Here is a fantastic passage from a sermon printed in Justo Gonzalez and Pablo Jimenez, Pulpito: An Introduction to Hispanic Preaching, speaking of the parable of the fruitless fig tree (Luke 13.6ff.):
What does this parable mean, in this context? It clearly means that those of us who survive, those Galileans who were not killed by Herod or those Jews on whom the tower did not fall, or those of us who have not died from famine, or those whose airplane has not crashed, are living only by the grace of God, and that our continued life is for the purpose that we bear fruit.
It also means that even our apparent blessing and abundance is not necessarily something of which we should boast. The tree that has produced no fruit receives special attention and added fertilizer, not because it is so good, but rather because it is so poor.
In order to understand the poignancy of the parable, one has to remember what a vineyard looks like at the time when one would normally have come looking for figs on a tree. The vineyard would have already yielded its grapes, and would already have been pruned. It would all have been cut down, and one would see nothing but dry and gnarled stumps. And, in the midst of this scene of apparent desolation, stands a verdant fig tree. It has never been pruned. It has been allowed to grow tall and green. Now, it will receive even further special treatment. The vinedresser will dig around it, and give it an exceptional dose of fertilizer. To a casual observer, the tree would appear to be specially blessed, and the vines cursed and forgotten, and one would think that the fig tree must be especially valuable if it is treated with such care. But the truth is exactly the opposite. The fig tree is receiving special care because it has yet to give the fruit it is meant to bear.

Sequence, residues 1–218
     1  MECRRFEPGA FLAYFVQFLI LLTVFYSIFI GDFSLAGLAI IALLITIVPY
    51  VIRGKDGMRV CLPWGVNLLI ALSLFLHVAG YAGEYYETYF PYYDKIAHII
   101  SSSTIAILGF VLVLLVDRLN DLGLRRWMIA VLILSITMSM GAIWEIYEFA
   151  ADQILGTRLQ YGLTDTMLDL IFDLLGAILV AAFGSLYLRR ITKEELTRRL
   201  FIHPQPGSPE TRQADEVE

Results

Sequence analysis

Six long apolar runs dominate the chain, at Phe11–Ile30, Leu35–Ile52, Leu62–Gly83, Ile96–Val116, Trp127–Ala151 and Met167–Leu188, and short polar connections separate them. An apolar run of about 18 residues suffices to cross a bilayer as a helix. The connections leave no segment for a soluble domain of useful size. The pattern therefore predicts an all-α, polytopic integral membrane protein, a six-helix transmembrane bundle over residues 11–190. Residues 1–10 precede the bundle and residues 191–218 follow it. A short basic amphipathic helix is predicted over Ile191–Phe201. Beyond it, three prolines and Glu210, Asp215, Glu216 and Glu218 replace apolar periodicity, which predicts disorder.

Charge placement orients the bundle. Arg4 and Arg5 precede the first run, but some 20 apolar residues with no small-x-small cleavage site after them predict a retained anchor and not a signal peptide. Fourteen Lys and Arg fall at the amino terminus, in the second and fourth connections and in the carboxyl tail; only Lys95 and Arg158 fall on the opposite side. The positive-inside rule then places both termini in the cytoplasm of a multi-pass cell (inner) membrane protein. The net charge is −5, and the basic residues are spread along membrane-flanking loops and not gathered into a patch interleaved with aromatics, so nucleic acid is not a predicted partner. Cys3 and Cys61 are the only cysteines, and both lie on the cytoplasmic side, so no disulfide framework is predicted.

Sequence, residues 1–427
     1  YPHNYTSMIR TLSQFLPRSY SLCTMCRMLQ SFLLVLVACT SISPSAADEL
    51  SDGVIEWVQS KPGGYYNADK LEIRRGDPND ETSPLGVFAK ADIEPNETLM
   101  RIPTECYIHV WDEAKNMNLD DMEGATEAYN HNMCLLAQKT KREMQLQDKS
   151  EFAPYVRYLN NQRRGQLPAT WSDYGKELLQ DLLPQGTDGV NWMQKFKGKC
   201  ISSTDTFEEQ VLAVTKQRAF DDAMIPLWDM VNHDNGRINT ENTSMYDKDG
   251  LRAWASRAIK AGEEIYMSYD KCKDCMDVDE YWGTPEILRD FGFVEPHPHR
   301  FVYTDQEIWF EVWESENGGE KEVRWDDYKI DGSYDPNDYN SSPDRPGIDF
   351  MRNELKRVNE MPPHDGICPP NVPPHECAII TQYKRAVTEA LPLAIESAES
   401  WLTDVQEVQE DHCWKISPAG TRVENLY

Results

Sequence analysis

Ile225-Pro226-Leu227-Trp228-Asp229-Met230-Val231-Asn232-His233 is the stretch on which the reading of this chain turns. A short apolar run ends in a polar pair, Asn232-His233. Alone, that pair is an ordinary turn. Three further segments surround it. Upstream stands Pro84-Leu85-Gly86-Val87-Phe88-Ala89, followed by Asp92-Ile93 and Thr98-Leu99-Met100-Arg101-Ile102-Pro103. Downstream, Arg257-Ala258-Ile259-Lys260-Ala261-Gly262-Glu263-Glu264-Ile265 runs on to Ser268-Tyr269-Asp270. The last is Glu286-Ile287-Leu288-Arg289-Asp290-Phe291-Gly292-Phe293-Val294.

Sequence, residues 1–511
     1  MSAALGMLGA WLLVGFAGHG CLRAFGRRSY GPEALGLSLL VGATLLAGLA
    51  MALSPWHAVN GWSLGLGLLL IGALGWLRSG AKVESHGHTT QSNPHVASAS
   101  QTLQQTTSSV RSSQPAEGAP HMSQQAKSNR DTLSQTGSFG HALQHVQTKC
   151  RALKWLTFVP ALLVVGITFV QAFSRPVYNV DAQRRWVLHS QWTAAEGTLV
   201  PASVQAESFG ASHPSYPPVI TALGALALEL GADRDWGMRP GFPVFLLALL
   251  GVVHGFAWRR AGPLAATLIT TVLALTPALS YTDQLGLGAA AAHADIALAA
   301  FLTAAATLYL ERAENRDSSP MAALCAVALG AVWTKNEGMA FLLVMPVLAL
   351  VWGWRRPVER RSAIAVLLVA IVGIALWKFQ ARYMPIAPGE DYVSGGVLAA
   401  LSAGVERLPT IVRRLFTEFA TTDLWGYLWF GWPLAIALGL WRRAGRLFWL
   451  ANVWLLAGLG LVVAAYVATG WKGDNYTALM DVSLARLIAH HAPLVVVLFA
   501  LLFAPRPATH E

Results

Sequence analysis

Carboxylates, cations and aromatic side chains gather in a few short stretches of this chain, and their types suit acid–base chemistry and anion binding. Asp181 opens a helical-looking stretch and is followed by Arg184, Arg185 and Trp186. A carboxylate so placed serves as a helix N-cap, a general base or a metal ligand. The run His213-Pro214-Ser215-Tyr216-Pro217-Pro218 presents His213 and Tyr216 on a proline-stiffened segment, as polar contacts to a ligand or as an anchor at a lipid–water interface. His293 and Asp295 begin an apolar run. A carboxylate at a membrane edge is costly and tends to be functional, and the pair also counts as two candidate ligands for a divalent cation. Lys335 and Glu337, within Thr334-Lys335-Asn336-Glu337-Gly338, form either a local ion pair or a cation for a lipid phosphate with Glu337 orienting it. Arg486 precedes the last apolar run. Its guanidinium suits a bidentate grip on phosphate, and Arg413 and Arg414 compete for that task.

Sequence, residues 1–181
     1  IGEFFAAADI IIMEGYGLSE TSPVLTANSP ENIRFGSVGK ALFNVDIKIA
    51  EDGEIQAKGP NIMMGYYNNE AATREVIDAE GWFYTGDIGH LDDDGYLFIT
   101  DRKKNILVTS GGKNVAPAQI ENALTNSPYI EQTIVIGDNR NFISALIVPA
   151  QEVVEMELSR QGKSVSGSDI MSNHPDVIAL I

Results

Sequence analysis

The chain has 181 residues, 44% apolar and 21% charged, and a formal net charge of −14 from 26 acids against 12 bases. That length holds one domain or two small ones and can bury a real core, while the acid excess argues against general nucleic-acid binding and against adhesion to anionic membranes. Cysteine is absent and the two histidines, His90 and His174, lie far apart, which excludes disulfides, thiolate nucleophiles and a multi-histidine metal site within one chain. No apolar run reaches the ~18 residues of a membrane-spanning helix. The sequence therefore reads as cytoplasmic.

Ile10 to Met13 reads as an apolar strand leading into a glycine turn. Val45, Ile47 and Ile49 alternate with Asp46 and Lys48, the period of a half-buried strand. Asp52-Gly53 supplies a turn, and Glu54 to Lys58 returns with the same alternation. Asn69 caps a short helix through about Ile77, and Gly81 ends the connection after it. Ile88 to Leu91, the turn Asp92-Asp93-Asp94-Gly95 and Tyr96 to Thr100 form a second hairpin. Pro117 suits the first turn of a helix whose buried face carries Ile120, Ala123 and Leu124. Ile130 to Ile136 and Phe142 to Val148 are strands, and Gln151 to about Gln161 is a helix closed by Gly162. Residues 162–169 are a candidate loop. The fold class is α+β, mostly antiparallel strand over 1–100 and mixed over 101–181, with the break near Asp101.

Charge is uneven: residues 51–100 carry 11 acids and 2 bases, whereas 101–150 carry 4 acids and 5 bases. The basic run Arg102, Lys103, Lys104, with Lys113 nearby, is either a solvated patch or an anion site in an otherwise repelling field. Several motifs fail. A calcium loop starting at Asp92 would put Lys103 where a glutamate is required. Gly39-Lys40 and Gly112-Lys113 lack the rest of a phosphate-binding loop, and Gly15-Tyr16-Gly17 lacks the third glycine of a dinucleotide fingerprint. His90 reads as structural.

I said at the beginning that I do not particularly like this parable. And this is the final and true reason why I do not like it. I would like to think that the reason why I have a comfortable house, when so many are homeless, and a substantial income, when so many are poor, and all kinds of food to eat, when so many are hungry, and a relatively healthy body, when so many are ill, is that I have somehow been particularly faithful. I would like to think that the reason why I have already lived longer than the average person on this globe is because my life has been so productive.
This text, however, leads me to think otherwise. Could it be, could it just be, that the reason why I have been given all these advantages is that otherwise I would have great difficulty bearing fruit? Could it be that all these things of which I so pride myself are really just so muhc manure piled on me because otherwise I'd be such a lousy fruit tree? (pp. 99-100)